● Definitely separate themselves from the CR3-Xs with their sound.
● It is recommended that you spend a bit more to get your hands on this amazing pair of speakers.
● Sheer quality packed into a compact and sturdy form factor, so space and durability issues should not be a concern for you.
3) Alesis Elevate 5 MKII (5 inch speakers) (12543 Rupees on Amazon)
● The Elevate 5 MKIIs are the largest speakers in this list
● Will occupy a decent amount of space in your home studio
● Sound full, with noticeable, punchy bass that never overpowers the mids and the highs.
● The middle and higher frequencies are given the attention they deserve, which makes them great for reference and mixing purposes.
● Great for casual listening as well.
● Solid hard plastic form factor that will definitely last you a long time.
Digital Audio Workstation (DAW)
A Digital Audio Workstation is basically a software where you can record, edit, and produce audio files. You’ll need a DAW, and learn how to operate it if you’re producing music. Here are some well-known DAWs with relatively simple interfaces for beginners.
1) Reaper (4400 Rupees)
● Unlike the other DAWs in the list, this one offers full functionality right out of the gate for just $60, which is a fraction of the price you pay to unlock all features in other DAWs.
● One of the most intuitive and smooth DAWs out there in the market.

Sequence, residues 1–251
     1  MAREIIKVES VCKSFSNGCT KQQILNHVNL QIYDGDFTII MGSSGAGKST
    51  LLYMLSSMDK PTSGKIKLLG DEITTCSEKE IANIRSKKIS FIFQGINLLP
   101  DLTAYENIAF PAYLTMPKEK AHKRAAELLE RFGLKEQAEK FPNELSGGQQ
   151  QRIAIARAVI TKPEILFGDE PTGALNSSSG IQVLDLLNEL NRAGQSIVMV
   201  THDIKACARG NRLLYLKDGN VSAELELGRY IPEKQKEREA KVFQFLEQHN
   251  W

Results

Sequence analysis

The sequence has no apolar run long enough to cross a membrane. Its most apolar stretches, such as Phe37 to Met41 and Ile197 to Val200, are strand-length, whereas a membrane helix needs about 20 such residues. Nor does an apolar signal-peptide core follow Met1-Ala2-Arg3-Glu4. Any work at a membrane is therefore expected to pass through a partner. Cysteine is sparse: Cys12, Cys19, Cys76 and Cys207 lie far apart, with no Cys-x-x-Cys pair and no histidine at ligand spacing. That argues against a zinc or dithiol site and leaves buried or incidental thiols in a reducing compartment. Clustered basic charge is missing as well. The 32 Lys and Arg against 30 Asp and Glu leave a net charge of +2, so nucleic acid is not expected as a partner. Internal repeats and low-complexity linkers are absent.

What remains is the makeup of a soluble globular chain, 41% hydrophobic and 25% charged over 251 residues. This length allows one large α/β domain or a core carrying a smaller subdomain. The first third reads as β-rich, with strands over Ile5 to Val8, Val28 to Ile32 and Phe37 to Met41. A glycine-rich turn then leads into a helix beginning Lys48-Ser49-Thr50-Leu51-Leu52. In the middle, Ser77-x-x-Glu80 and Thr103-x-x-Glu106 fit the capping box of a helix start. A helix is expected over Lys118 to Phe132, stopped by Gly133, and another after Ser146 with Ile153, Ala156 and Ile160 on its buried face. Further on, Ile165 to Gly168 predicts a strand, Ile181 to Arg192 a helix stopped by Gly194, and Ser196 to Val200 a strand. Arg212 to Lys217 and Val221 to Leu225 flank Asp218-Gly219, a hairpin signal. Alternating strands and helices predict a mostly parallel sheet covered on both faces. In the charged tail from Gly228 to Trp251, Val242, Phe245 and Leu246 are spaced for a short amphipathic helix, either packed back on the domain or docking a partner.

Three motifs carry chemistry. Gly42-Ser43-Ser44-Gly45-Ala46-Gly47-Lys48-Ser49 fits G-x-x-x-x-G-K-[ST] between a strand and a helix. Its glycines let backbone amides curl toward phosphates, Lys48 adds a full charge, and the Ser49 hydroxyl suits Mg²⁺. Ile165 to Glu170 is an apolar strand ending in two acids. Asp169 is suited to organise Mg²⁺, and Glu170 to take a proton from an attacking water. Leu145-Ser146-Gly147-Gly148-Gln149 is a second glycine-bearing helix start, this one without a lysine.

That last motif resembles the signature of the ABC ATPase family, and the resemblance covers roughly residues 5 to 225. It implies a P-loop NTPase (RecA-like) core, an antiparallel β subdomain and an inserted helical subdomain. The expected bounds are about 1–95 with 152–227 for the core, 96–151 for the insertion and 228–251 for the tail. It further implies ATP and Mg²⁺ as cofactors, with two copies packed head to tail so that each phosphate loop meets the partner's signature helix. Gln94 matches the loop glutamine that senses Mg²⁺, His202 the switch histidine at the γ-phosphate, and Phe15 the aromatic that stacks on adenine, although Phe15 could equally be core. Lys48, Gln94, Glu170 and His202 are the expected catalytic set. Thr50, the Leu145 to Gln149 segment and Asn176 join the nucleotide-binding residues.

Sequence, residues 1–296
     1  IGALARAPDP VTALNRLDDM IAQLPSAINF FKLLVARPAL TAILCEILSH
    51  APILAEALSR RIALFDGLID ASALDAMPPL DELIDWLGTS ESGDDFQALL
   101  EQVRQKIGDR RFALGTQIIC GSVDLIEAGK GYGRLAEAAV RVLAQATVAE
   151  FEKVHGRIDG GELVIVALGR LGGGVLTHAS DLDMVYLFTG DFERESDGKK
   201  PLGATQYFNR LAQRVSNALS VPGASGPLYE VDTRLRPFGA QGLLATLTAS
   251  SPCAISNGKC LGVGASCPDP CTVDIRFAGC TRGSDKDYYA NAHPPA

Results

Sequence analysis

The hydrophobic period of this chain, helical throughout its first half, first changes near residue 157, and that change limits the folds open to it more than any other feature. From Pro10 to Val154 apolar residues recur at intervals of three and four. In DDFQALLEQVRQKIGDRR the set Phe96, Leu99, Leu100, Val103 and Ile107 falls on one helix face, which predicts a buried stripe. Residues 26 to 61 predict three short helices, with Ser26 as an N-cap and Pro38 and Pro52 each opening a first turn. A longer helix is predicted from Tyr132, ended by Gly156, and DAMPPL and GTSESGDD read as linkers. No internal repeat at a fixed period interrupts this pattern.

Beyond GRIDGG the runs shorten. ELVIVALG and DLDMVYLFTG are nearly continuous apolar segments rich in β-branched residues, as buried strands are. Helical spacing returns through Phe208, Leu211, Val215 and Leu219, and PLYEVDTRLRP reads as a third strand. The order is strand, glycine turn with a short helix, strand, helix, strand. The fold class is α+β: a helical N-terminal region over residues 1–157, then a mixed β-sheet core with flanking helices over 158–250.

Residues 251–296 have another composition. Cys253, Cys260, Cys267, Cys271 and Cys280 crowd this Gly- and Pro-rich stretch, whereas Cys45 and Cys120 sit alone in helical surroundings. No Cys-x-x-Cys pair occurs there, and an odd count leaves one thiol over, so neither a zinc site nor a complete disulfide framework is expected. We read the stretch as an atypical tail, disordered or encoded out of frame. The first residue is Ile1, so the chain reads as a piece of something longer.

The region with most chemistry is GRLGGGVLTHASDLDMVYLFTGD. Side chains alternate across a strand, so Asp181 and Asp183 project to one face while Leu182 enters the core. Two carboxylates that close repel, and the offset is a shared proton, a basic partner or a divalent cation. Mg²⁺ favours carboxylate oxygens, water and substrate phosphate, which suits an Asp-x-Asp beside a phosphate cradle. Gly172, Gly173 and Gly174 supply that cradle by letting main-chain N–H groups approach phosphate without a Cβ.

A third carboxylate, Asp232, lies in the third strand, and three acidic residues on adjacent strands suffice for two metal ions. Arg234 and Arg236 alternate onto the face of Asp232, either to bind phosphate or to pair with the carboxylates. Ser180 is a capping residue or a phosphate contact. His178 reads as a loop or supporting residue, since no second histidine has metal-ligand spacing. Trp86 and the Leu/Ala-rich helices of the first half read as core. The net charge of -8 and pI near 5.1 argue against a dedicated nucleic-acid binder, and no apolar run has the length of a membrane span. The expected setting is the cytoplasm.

● Not as popular as FL Studio and Ableton, but has carved a niche for itself.
2) FL Studio – Fruity Edition (7350 Rupees)
● This is the base price for Image-Line’s industry leading Digital Audio Workstation.
● FL Studio is known for its simple and convenient User Interface.
● This entry-level edition, however, has limited functionality.
● This edition does not allow you to record or use audio clips in your production process.
● Limited to electronic music and beat production.
3) Ableton Live Intro (7350 Rupees)
● This is the starter price of the renowned DAW Ableton Live.
● Unlike FL Studio – Fruity Edition, Ableton Live Intro allows you to record and edit audio clips.
● Limits your MIDI and audio tracks to 16 per project, which is enough for beginners.
● Access to just 4 instruments and 21 audio effects.
Other Accessories for your home studio
1) XLR Cable – Necessary for connecting your microphone to your audio interface
2) USB A to B Cables – For connecting your midi controller and audio interface to your PC
3) Boom microphone Stand – A boom stand makes it easier to place a mic around an object such as a guitar or bass, a piano, a drum kit, or another instrument.